After re-glazing the hood door, making one offset hinge and the waist door escutcheon from sheet brass and cutting a new key the clock was finished. 




The final effect was exhilarating and immensely gratifying, but then as is often the case after spending a little over 3 months with a project like this, it occurred to me I had to give it back to the owners. Funny how attached you can get!



Elliott of London - Clock History

In 1865 James Jones Elliott of 156 Cheapside in the City of London, was apprenticed to "Bateman" of 82 St John Street, Smithfield, London, to learn the art of clock making.

It was not obvious at the time, but this was to be the origin of a company that would achieve a worldwide reputation as a manufacturer of the fine quality Elliott of London clock.

JJ Elliott specialized initially in producing pinions and balance shafts, he progressed to making, and patenting, a weight driven movement which had chimes on tubes. This original Elliott clock was very successful and resulted in considerable trade with America.

James Elliott's son, Frank Westcombe Elliott, was originally entering the retail trade as, when he was 17 years old, his father bought a partnership with a jeweler called Walden of Brompton Road, London. On the 16th April 1904, JJ Elliott died and Frank succeeded him to run the clockmaking business. In 1909 the clockmakers company of JJ Elliott amalgamated with Grimshaw Baxter, and the factory moved to Grays Inn Lane, London, in 1911, followed by a further move, in 1917, to larger premises in St Anns Road, Tottenham, London.

In 1921 the partnership with Grimshaw Baxter was dissolved and Frank Elliott joined a well known firm of Bell Founders and Clockmakers, Gillett and Johnson Ltd, in Croydon. In 1923, two years later, he took over their clock factory and formed the famous company of F.W. Elliott Ltd. He was joined by his two sons, Leonard and Horace Elliott, who had served their apprenticeships in the trade. The third son, Ronald, joined the company in 1929.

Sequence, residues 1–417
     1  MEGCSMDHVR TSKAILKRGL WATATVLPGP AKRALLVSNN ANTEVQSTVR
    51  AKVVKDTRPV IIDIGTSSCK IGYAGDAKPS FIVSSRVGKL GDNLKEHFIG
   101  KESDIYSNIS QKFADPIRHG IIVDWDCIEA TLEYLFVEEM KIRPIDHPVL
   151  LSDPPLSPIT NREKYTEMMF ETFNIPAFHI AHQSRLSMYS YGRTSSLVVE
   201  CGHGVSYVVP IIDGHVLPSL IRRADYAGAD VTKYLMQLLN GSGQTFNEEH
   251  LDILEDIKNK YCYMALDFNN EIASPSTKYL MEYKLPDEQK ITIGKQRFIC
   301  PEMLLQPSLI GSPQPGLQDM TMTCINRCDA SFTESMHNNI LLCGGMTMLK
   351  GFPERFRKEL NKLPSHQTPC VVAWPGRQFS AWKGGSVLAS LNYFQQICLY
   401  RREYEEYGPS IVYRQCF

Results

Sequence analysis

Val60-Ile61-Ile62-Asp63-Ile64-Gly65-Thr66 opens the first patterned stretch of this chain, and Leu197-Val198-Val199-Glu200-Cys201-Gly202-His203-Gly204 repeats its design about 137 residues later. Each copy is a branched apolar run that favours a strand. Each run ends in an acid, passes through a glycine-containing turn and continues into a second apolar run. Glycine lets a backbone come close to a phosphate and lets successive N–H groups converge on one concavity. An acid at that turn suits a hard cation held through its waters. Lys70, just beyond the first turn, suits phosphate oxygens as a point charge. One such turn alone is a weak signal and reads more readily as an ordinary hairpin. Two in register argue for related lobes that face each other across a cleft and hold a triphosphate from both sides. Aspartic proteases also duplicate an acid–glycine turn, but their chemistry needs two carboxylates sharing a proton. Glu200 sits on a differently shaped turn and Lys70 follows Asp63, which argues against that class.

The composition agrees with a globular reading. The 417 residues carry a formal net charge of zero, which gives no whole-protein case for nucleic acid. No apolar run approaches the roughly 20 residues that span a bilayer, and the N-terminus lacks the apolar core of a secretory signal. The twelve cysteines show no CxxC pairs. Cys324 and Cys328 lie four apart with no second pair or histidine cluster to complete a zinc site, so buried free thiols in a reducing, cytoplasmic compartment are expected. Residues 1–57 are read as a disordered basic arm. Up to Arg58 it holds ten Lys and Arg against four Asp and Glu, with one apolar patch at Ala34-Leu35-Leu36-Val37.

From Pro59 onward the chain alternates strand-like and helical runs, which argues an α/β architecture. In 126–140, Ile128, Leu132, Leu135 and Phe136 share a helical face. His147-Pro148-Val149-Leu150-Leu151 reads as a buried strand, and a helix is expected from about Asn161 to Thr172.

Elliott's started to produce clocks for the armed forces when war was declared in 1939, together with test gear and apparatus for the Rolls Royce engines used in the RAF planes. The factory was hit by incendiary bombs in 1943 on two occasions but production was not seriously affected.

In 1944, Frank Elliott died at the age of 69 and Horace Elliott assumed the role of Managing Director, whilst Horace controlled sales from a showroom in Hatton Garden. In 1952, Horace Elliott was elected Chairman of the British Horological Institute in the same year as Tony, one of Horace's sons, joined the company after training in cabinet making. He was appointed manager of the cabinet shop in 1967.

Ronald Elliott died suddenly in 1966, at the age of 54, his son Peter had joined the company in January of the same year, having been trained as an engineer at Vickers Instruments Ltd. Peter Elliott was appointed as a Director in 1969.